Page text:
Happy New Year, everyone! I hope your 2017 is starting well — and maybe warmly? Last week here, the parking lots were paved in patches of ice. This weekend, it’s been in the 50’s. A welcome change, but I don’t know what to make of the weather. I don’t know the weather knows what to make of itself. 😛
During the summer, I mentioned that I had been inspired by my adventures in England to try writing a poem with more of a traditional structure.
I was especially inspired by visiting the hometown of William Cowper….
William Cowper was a friend of John Newton (pastor and writer of ‘Amazing Grace’), and he also poetry and hymns, including ‘God Moves In a Mysterious Way’. Cowper struggled with depression all his life, and the last poem he wrote before he died was called ‘The Castaway‘.
‘The Castaway’ was inspired by the true story of a ship caught in a storm. One man fell overboard in the tempest, and barely caught hold of one of the ropes. For a whole hour, he managed to hang on, but finally, the crew realized there was no way they could save him. The ship would sink unless they sailed on without him, and they had to make the choice to cut the rope he was clinging to and let him drown. Understandably, Cowper was shaken.
The final stanza of Cowper’s poem is probably the most famous. [You may recognize the quote from the 1995 Sense and Sensibility. (; ]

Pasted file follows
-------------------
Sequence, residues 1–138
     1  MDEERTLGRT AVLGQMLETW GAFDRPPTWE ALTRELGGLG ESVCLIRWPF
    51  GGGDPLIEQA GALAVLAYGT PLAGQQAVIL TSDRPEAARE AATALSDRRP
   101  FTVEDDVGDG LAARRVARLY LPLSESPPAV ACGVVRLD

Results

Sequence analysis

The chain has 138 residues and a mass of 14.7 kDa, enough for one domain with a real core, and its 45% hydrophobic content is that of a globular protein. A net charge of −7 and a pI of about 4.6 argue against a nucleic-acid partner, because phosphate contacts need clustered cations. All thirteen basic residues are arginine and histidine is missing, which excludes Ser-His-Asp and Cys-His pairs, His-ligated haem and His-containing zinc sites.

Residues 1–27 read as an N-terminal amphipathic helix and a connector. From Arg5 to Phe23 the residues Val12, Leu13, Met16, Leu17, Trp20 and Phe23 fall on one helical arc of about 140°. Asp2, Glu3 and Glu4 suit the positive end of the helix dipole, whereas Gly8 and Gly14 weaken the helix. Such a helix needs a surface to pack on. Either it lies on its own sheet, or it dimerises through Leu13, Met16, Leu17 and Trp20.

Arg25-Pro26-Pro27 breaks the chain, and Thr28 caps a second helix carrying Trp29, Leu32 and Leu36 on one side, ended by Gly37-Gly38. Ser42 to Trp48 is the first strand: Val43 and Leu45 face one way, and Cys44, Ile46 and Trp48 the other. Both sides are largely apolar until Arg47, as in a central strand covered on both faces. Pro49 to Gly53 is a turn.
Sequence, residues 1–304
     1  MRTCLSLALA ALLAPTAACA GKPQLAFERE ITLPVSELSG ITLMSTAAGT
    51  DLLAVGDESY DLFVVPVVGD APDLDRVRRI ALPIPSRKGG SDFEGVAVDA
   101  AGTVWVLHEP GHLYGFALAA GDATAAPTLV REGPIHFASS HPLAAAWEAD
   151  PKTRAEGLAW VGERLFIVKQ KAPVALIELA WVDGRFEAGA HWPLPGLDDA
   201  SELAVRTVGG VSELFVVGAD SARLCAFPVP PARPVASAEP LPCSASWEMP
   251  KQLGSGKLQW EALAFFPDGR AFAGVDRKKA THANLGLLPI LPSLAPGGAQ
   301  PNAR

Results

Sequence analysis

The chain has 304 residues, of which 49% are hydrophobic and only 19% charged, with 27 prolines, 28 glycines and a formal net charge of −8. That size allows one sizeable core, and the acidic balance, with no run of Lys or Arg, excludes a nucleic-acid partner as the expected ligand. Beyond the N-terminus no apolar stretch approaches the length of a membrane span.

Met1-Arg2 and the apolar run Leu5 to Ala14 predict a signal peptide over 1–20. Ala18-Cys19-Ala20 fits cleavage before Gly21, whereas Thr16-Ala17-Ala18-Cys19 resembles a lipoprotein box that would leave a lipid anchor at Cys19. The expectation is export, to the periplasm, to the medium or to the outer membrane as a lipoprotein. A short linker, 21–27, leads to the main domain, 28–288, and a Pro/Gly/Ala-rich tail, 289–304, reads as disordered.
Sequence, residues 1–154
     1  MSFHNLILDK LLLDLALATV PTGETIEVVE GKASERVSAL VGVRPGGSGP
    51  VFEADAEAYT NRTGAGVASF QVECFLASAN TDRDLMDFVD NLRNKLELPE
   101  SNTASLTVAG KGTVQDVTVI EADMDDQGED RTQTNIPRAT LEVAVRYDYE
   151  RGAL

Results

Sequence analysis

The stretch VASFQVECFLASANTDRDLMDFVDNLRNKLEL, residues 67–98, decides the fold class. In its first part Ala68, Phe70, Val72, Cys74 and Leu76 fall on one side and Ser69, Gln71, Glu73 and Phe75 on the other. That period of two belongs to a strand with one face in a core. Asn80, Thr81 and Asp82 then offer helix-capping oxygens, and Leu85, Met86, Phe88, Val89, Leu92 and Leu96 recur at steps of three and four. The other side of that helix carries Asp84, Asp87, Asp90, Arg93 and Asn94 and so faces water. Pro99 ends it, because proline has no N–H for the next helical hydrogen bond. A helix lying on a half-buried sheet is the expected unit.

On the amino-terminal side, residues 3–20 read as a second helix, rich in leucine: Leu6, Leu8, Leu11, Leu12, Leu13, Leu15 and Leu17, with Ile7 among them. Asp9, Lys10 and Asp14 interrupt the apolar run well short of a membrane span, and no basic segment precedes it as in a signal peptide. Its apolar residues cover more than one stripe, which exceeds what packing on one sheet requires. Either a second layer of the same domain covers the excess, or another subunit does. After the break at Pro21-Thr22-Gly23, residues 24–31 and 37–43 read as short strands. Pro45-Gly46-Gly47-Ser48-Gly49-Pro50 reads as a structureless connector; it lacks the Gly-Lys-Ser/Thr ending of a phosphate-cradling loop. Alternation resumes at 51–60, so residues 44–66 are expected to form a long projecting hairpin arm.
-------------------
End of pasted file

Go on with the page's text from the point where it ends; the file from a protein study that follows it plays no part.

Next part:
“No voice divine the storm allay’d,
No light propitious shone;
When, snatch’d from all effectual aid,
We perish’d, each alone:
But I beneath a rougher sea,
And whelm’d in deeper gulfs than he.”
When I heard the story — and Cowper’s reaction — it shook me a little, too.
In response, I wrote this is a hymn-ish poem. It’s been through a few drafts due to some helpful critiques, and I’m not sure it’s settled all the way, but here goes….
So many troubles, Lord, beset,
And darkness clouds the sky!
Sometimes my heart can feel the gale
That makes the sunlight fly.
What then am I? A ragged sail
Held on by weathered ropes,
Helpless to stop the tow’ring waves
That threaten all my hopes.
Each way I look, there’s terror still.
How can I hope to win?
For at the heart of each black cloud
Is blacker death and sin.
And worse yet still, in all these clouds,
I see my own heart shown.
Can any man expect else but
To perish, each alone?
Yet only when my own rope snaps
And nothing else can save,
Then do I marvel at the One
Who rules both wind and wave.
What other ruler with such pow’r
Gave of himself to die
And let his blood appease the waves
Of fury from on high?
And in Your death you conquered all –
These angry worlds You stilled –
The storm without, the storm within.
The triumph You fulfilled!